Russian President Dmitry Medvedev and his Iranian counterpart Mahmoud Ahmadinejad said in telephone talks on Wednesday that they reject foreign intervention in the Syria crisis, the Kremlin said.
"The sides spoke out in favor of the quickest resolution of the crisis by the Syrian people themselves through exclusively peaceful means and without foreign intervention," the Kremlin said in a statement.
The two leaders agreed that the situation in Syria was "dramatic" and required "constructive political dialogue between the authorities and the opposition without precondition," said the statement.
"At the same time, the leaders noted the importance of pursuing steady political, social and economic reforms in a calm atmosphere and in the interest of all Syrians," the Kremlin said.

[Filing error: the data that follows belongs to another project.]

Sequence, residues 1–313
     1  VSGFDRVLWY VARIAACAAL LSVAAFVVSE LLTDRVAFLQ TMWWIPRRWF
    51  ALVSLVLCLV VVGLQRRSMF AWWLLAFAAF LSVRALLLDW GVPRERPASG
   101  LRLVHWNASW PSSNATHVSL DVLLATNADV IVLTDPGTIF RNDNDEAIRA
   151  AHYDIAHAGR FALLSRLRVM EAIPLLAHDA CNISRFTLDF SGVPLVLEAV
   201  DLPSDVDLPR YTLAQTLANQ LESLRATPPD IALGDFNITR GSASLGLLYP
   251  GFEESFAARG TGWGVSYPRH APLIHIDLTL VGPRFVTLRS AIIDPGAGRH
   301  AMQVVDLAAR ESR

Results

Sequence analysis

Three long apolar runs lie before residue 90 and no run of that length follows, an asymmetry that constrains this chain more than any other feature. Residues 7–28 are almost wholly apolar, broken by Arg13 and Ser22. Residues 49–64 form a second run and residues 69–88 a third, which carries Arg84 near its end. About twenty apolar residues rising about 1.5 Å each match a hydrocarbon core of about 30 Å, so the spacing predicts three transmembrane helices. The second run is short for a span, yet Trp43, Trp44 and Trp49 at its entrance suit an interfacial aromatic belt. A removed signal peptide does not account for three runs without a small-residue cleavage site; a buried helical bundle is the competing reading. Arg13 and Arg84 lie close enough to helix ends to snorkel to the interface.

Medvedev also held telephone talks Wednesday with Saudi Arabia's King Abdullah and Iraqi Prime Minister Nuri al-Maliki.
The Kremlin said Medvedev sought to explain Russia's decision this month to veto together with China a U.N. Security Council draft resolution condemning President Bashar al-Assad for 11 months of violence that the opposition says has claimed over 7,600 lives.
Russia and Iran have remained two of the Syrian government's closest international backers throughout the bloodshed.
But Saudi Arabia's official SPA news agency said the king told Medvedev that his calls for Syrian dialogue were "futile" and that Russia should have "coordinated with the Arabs... before using the veto".
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